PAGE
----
Ironically, legal action is now being brought against the German government by the EU Commission for not sufficiently protecting the Elbe River that surrounds the plant.
In Canada, tar sands oil producers, having been hit with a ban by the Obama administration on imports of their highly toxic substance, are now looking forward to sending it to Europe once CETA is done and dusted.
"Canada wants to replace Russia as a source of energy for Europe, but its tar oil is extremely dirty. Its extraction needs a lot of water with chemicals and there are now huge toxic lakes in Canada, while the boreal forests are burning because all the water has been drained from underneath them. If you want more energy like that, you will have more and more of a climate catastrophe," Maude Barlow, the Council of Canadians chairperson said.
CETA is now ready for ratification on both sides of the Atlantic — a lengthy procedure which requires the entire text to go through a process of 'legal scrubbing' and to be translated into all the official languages of the EU. It will now be presented to the EU Council of Ministers (representing the governments of all 28 member states) and also to the European Parliament. This part of the process is due to begin later in 2016.
If CETA is considered to be a 'mixed' agreement within the EU — meaning that it is not just a matter for the European institutions alone — it must also be presented to the national parliaments of all 28 member states for them to ratify in turn. This will take many more years and could well see the deal rejected. However, the EU does not have to wait for the full ratification process to be completed: under the EU's anti-democratic procedures, it can apply the content of CETA on a provisional basis already, without worrying about any accountability to the people of Europe.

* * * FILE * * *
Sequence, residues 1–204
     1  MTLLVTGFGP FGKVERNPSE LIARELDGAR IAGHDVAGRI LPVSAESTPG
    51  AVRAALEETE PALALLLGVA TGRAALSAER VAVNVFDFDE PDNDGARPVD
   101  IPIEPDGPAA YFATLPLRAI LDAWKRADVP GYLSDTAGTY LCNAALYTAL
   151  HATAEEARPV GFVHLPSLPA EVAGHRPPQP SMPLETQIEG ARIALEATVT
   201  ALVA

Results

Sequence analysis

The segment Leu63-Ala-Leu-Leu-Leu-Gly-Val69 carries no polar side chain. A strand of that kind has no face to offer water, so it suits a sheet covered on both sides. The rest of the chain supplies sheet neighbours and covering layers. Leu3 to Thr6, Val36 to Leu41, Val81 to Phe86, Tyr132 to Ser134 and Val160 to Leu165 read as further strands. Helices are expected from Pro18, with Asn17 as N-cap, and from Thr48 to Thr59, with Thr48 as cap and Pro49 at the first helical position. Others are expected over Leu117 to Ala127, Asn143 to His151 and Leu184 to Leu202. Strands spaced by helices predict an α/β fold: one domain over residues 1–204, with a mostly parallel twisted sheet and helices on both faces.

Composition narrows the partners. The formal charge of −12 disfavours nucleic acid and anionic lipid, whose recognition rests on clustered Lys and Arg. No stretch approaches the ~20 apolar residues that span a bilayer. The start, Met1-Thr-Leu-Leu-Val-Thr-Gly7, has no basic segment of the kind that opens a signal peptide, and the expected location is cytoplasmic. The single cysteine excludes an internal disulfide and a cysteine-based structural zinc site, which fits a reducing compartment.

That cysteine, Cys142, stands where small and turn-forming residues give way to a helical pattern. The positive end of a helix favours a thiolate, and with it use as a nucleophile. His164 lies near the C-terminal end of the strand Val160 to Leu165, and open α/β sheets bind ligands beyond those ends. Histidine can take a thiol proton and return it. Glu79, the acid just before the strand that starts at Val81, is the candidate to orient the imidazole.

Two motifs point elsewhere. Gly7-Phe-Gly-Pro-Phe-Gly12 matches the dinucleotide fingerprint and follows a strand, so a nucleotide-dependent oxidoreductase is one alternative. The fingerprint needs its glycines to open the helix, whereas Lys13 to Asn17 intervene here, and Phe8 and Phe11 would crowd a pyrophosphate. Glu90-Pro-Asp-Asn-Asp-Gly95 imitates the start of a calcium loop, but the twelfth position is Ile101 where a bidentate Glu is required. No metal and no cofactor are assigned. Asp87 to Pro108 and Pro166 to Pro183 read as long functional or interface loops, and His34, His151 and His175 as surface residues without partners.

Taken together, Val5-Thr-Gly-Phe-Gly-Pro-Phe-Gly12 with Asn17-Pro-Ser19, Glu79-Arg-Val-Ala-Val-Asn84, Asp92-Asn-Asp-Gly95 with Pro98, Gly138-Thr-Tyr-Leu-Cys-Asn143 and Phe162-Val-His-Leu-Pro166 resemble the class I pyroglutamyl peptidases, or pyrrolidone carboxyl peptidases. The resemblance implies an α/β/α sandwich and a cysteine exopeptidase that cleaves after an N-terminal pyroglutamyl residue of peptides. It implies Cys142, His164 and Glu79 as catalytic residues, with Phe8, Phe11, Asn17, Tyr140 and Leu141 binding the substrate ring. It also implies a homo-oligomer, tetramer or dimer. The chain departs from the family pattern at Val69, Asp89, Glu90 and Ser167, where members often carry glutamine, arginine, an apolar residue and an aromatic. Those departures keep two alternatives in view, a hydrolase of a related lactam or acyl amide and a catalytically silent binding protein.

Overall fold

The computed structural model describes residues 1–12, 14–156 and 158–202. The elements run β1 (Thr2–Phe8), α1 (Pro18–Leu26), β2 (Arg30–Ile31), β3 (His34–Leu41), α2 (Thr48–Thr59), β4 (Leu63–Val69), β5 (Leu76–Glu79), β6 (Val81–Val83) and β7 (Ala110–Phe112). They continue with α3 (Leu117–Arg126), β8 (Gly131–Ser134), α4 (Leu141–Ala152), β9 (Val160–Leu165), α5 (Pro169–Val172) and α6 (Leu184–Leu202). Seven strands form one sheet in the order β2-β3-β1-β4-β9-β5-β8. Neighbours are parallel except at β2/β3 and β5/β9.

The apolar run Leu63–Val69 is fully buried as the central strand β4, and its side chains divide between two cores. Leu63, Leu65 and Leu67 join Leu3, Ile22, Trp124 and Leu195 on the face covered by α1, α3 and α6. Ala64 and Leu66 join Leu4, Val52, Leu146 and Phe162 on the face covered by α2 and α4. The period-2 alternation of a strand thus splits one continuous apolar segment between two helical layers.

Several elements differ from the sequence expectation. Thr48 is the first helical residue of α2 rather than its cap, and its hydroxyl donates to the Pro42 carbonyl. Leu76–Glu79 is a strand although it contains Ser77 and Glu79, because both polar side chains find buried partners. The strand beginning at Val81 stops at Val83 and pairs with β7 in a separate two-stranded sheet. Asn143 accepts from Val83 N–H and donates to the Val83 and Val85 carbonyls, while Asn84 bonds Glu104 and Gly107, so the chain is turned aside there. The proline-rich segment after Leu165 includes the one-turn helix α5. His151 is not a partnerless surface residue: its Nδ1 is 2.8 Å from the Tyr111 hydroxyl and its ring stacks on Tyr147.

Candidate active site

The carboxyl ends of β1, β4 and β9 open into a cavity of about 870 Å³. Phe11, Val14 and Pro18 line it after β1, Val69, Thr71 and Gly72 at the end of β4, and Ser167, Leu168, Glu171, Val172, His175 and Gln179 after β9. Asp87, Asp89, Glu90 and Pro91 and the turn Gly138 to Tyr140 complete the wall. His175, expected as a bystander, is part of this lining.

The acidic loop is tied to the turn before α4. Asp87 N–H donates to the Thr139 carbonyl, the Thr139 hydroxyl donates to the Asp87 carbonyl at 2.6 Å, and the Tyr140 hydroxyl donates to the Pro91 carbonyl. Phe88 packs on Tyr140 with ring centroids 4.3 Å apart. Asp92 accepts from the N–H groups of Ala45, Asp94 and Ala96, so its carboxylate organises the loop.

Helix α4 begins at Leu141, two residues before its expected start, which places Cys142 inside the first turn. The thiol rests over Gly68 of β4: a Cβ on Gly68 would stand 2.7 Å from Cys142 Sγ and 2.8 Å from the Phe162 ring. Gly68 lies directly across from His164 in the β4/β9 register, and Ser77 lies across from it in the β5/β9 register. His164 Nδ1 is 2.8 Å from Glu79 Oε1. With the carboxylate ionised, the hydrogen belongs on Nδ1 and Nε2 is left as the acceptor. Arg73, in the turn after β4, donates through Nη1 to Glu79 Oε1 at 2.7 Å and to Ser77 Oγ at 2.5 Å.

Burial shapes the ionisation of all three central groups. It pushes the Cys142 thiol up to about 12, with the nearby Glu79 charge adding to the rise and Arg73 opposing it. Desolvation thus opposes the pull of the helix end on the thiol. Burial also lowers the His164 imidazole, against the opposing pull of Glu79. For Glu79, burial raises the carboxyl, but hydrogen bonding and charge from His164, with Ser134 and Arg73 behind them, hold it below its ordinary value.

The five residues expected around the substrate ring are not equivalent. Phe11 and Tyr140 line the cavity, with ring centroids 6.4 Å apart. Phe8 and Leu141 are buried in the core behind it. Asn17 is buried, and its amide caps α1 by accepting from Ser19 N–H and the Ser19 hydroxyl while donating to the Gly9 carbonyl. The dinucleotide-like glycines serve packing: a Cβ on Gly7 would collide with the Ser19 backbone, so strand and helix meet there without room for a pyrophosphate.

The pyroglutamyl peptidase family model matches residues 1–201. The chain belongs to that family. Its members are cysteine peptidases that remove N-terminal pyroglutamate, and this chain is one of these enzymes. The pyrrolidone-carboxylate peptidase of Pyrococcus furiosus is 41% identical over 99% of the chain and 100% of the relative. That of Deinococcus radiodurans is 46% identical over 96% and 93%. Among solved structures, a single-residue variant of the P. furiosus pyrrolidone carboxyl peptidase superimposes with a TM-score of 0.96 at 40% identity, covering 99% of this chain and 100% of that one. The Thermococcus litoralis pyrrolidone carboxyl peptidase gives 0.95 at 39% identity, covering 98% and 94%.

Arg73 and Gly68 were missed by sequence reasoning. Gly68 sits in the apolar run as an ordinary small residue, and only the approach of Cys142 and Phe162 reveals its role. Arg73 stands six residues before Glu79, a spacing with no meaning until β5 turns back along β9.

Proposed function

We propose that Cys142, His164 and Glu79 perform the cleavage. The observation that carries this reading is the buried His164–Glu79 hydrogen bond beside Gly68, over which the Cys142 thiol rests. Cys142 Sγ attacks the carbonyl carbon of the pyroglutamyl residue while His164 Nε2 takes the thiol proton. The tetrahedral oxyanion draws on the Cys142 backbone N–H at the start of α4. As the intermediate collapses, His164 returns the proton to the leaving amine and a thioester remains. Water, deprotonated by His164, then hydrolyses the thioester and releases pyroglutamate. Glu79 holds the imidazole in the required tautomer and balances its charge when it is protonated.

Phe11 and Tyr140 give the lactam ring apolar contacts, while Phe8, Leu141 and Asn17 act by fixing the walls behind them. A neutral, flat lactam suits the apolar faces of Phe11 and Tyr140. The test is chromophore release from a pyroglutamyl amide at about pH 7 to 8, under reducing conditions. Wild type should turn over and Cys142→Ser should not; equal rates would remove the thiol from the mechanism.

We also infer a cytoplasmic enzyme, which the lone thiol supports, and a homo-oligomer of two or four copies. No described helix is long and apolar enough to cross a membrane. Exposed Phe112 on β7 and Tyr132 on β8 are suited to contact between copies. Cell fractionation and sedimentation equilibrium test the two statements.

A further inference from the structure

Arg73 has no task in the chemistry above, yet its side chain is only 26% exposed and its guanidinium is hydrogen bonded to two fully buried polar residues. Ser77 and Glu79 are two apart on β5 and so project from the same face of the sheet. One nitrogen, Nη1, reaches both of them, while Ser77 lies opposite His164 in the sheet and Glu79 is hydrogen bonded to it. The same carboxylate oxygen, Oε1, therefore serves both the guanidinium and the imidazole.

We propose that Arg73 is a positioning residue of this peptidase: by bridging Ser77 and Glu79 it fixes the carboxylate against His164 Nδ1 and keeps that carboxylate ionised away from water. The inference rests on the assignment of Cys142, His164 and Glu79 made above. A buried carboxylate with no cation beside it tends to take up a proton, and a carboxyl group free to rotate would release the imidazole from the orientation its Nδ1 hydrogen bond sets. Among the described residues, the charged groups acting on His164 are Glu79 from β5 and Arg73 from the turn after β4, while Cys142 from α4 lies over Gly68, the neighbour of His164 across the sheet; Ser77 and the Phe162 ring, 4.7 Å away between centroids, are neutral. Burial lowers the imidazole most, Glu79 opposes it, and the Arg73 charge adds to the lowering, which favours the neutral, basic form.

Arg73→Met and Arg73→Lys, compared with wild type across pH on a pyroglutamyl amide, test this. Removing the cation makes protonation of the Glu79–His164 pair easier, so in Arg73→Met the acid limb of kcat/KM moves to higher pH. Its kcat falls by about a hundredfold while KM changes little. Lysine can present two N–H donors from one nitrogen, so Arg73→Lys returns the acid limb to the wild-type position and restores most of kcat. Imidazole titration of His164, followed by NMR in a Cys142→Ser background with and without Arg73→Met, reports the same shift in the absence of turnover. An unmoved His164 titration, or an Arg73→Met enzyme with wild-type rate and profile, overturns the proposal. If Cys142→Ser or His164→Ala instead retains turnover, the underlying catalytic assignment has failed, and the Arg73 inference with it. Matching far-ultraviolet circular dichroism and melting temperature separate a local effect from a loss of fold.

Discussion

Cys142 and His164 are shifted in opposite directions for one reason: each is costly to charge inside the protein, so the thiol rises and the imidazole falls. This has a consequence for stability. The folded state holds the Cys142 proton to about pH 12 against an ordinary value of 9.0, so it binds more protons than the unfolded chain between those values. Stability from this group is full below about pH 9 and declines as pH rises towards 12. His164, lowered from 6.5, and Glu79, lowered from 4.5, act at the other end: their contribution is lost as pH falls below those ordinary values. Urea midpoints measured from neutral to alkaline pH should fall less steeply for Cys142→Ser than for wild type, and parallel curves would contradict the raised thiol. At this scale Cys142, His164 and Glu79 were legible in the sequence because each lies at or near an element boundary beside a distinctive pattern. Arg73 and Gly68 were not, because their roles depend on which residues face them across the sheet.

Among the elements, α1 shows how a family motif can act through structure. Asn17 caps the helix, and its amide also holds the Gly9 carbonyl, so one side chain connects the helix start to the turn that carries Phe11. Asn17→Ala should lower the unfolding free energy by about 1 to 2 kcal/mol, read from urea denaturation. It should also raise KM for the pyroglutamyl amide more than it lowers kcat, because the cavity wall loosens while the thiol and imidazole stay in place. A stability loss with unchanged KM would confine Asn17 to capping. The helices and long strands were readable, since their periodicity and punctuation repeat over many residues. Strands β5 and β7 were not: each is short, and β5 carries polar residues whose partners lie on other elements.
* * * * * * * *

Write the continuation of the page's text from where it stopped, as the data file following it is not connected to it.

TTIP has been mentioned in a lot in debates about Brexit.
Natalie Bennett, the UK Green Party leader who has just stepped down told Sputnik:
"People tweet me to say that we need Brexit because of TTIP. But there's a lot more oppostition to TTIP and CETA in Europe than in Britain.
"3.5 million across Europe signed a petition against TTIP and 250 thousand marched in the streets of Berlin. The EU civil society is much stronger and we are better relying on them than going it alone. Just imagine PM Boris Johnson going to Washington to beg President Trump to sign a trade deal with Britain because it had left the EU. What kind of deal that would be?" the former Green Party leader told Sputnik.
That is why campaigners urge the Europeans to kill CETA now, before it is too late.
"Our union just like all major unions has registered with the Remain campaign. But I don't see a contradiction to our opposition to TTIP and CETA," Nick Crook of Unison told Sputnik.
"The European Citizens' Initiative on TTIP and CETA launched in Brussels two years ago calls for an end to negotiations on both the EU-US and EU-Canada trade talks (TTIP and CETA, respectively) and demands instead a new approach to EU trade policy that puts people and the planet before corporate profit. In order to be successful, the initiative needs to collect at least one million signatures from across the EU in the space of a year."